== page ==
The good news is that there are now more than a dozen new and updated Wikipedia entries for the people and places that are central to the story of Oil Springs and the modern oil industry in it industry.
The Wikipedia entries are the product of The Robert Cochrane Fellowship with Western University’s for public history students working on their Masters degree. The annual fellowship is funded by Fairbank Oil Fields and the fellowship is done in conjunction with the Oil Museum of Canada.
Usually a fellowship student works six weeks of the summer at the oil museum to produce an impressive research paper. With the pandemic, Thomas Lang, the 2020 fellowship student, needed a project that could be researched without being in Oil Springs.
Lang’s work on the Wikipedia entries is a valuable resource. With little prior knowledge of early oil, he had to read a vast amount of books and resources, digest it all, and boil it all down to its essence to make each entry. For clarity, they were proofed by Fairbank Oil and The Oil Museum of Canada.
New entries include John Shaw, who produced Canada’s first gusher in 1862 on what is now Fairbank Oil land. There is also a new entry for Hugh Nixon Shaw, who died in his well here in 1862 and for decades the stories of the two Shaw men were mistakenly blended into one person.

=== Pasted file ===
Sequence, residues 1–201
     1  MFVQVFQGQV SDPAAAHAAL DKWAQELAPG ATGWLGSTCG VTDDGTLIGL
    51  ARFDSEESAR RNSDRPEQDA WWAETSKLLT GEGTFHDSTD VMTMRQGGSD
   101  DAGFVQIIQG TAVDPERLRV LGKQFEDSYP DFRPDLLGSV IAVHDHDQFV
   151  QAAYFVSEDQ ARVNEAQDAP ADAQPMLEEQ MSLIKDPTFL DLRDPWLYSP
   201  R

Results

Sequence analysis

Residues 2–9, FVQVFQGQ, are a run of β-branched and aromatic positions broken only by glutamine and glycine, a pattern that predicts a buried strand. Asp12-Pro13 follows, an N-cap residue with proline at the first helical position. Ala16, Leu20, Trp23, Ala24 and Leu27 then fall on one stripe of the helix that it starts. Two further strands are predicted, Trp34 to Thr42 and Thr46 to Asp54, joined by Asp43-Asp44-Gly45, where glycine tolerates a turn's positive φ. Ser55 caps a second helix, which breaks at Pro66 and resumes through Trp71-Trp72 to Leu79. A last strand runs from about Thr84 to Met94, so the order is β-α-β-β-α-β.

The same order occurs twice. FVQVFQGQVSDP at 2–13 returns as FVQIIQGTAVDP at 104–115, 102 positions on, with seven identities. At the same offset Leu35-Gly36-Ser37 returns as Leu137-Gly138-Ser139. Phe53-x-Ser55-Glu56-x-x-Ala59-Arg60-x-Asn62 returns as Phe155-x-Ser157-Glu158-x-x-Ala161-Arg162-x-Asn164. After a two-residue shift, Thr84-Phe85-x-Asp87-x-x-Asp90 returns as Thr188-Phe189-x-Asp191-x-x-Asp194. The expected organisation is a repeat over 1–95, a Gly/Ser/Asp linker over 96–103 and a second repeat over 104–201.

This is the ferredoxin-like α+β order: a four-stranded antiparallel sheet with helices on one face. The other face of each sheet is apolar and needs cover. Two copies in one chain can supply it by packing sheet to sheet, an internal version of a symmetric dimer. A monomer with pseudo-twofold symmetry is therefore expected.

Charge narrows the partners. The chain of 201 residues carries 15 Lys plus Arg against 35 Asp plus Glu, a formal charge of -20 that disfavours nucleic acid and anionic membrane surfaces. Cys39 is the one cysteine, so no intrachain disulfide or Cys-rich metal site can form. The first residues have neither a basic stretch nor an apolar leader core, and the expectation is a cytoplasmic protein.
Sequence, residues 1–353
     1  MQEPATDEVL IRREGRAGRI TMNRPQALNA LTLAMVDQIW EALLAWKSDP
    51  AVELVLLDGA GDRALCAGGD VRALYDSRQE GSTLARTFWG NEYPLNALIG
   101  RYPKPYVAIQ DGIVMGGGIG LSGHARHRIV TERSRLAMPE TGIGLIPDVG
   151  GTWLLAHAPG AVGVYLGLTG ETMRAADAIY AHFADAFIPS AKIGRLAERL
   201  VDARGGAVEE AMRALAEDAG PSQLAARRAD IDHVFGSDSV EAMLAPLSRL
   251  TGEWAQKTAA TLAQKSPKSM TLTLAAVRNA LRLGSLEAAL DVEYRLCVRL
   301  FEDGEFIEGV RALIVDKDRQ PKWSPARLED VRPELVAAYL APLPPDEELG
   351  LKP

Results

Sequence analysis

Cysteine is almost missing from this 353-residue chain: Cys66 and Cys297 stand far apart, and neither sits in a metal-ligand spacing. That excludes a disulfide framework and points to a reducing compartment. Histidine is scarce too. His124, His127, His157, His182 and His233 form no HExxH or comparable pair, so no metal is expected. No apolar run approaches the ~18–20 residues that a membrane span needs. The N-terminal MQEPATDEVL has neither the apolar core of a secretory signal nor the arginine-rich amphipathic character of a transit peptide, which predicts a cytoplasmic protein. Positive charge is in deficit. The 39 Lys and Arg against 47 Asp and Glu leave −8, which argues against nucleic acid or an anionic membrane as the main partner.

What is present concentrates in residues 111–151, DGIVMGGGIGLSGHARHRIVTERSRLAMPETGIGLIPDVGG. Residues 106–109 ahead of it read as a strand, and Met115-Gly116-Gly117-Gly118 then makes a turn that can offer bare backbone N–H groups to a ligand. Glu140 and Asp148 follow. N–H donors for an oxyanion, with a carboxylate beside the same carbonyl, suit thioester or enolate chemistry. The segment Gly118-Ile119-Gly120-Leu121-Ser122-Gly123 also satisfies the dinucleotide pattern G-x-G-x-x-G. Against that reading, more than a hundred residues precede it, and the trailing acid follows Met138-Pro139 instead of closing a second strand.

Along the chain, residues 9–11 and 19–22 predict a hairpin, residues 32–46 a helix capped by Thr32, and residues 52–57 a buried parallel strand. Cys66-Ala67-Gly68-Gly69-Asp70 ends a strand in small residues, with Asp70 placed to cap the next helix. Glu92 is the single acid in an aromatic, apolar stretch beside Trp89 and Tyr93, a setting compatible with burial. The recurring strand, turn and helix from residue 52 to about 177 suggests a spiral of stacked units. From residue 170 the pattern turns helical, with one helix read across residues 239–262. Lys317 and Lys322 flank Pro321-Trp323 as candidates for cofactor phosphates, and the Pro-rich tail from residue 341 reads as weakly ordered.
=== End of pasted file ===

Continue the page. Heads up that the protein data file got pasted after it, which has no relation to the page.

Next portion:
Updated and fleshed out Wikipedia entries include Charles Tripp, who founded North America’s first oil company when making asphalt in Oil Springs in 1854. Also included is Jacob Englehart who founded Imperial Oil and made nearby Petrolia the headquarters and site of all refining operations. The story of William McGarvey is now more complete. He’s the Lambton County driller who revolutionized Poland’s oil industry with Canadian technology and expertise in the 1880s. The Village of Oil Springs entry is updated and so is The Oil Museum of Canada’s.
Importantly, The Geological Survey of Canada played an vital role in locating the oil here in Oil Springs and pointing out its uses. Key players in the scientific community such as Abraham Gesner, Sterry Hunt, William Logan and William Frasch will now be better understood with these updated Wikipedia entries. (Fun fact: Canada’s highest mountain, Mount Logan in the Yukon, is named after William Logan, who became the founding director of The Geological Survey of Canada in 1842.)
It’s hoped that Lang’s Wikipedia work on early oil will spark a thirsty curiosity and thankfully, all his sources are cited for those who want to dive deeper.